Friday, July 17, 2009

Downtown Grand Rapids: The Ford Museum

Since last Tuesday would have been the late President Ford's 96th Birthday, they offered free admission at the Ford Museum, and I decided Franny and I might as well go. (During my summer as a stay-at-home Dad, she has three half-days in daycare a week... Mon-Weds-Fri... and Tues-Thurs are our days for fun outings)
I hadn't been to the Ford museum since Ford died. I have a special fondness for Gerald Ford... when he was a congressman, my grandfather occasionally served as his body guard. Ford was married at the church we now attend, where Frances was baptized. (Ford's mother purportedly dropped dead of a heart attack during a service at St. Mark's Episcopal Church in downtown Grand Rapids, which is where Suzanne and I were married--of course, that was long before our time) There was a funeral for Gerald Ford at our church, attended by Jimmy Carter, the Ford family, Peter Secchia and many other big names. The night before Ford was buried, his coffin was lying in state at the Ford Museum, and Suzanne and I stood on line for seven hours with almost 100,000 other people and we filed past the coffin right at the stroke of midnight, and were able to watch the changing of the guard. I hadn't been to the museum since then--I think that was 2006. He died right after Christmas, and his funeral was in the dead of winter, though Grand Rapids was blessed with very mild weather that week, and there was no snow.
I've been called a sentimental fool--but I can even get sentimental about downtown Grand Rapids if I have half a chance. When I first came to Grand Rapids, I lived in the dorms at Aquinas College for two years, but then got an apartment downtown, on College Avenue, where I lived until we bought our house...I was in that apartment for a total of six years. Suzanne had an apartment on Lyon Street, just a few blocks from me. I had a variety of jobs, ranging from security guard to substitute teacher, before I got my first real job, teaching 7th grade in a rural farm town in central Michigan. After we got married, we bought our house on the East side of town, and we switched churches, but as I mentioned before, Suzanne and I were married in 2001 at St. Marks, a gorgeous, old neo-gothic church which has been in downtown Grand Rapids for over 150 years, and was at one time the Cathedral Church for the Diocese of West Michigan (until the late Bishop Bennison built that hideous monstrosity of modern architecture on I-94 in Portage which they had to sell to the Pentecostals a few years back because the Diocese was on the verge of bankruptcy)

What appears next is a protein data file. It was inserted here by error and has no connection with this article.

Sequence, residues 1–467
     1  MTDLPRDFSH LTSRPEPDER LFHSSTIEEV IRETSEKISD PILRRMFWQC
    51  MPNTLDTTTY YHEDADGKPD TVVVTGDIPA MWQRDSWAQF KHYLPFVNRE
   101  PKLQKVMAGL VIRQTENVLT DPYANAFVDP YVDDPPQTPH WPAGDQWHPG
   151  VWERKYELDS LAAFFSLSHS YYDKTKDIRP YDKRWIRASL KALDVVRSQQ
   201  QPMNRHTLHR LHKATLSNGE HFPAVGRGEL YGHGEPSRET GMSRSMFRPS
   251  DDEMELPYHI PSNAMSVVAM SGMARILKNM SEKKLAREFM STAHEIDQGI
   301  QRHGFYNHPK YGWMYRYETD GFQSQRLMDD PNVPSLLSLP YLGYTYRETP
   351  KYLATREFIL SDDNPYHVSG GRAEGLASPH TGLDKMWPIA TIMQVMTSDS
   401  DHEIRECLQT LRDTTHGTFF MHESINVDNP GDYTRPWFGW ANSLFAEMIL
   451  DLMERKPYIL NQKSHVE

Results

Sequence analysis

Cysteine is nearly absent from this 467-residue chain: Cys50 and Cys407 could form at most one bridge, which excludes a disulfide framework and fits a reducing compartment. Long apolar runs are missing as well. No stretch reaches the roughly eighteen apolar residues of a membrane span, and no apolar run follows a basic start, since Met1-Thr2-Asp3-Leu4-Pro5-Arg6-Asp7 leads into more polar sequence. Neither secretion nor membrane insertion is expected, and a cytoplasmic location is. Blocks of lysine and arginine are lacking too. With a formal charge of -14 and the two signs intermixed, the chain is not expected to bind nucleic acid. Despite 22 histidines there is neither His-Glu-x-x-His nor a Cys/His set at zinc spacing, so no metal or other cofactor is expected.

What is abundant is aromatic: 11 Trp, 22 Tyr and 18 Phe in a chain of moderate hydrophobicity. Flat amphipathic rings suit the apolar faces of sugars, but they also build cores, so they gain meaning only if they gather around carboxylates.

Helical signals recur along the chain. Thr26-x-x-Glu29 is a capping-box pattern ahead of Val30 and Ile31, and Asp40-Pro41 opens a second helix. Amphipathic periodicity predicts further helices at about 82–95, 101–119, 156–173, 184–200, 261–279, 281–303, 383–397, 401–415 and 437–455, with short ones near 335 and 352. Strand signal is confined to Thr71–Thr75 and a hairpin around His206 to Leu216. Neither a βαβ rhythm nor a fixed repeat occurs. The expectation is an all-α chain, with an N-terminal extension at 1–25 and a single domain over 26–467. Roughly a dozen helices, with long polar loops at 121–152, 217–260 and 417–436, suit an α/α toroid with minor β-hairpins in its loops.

Anyway, I will spare you more of my going down memory lane. Even though I drive through downtown Grand Rapids almost every day (Suzanne works at the Children's Hospital) I rarely get out of my car and do anything downtown. So visiting the Ford Museum was fun...

...although it made me feel a bit old. Look at this picture for a minute--Ford was president when I was born. He died before Frances was born. I started feeling old when I realized that, to Frances, Gerald Ford would be what F.D.R. was to me--the old dead white Episcopalian who was president way back when my father was born...
Here is Frances, inspecting the Oval Office exhibit--no doubt planning how she'll redecorate it after she's elected.
Here I am, doing one of those self-portraits in a mirror that I think are so cool.
Here she is, having a run by the fountain. Note the red, white and blue flowers.
I think that this has to be one of the best pictures I've taken in ages... just look at THAT BABY.
Here is a shot of downtown Grand Rapids, as reflected from the glass wall of the Ford Museum.
This is where Ford is buried. Note that Frances had gotten her hands on my camera for a second, and left a greasy fingerprint on the lens (she had been eating a sugar cookie) which I wasn't aware of until I got home and started looking at the pictures...hence the smudge in the lower right corner.
And here can you see Frances doing her new favorite thing--pushing her own stroller. She always strongly prefers the cheap plastic stroller that Suzanne and Wilda bought at one of the shops in Guangzhou to any of the others we have, and since its lightweight, we go along with it. Nobody has anything like it here--its got Chinese writing all over it. You can also see the greasy finger smudge in the lower right corner.
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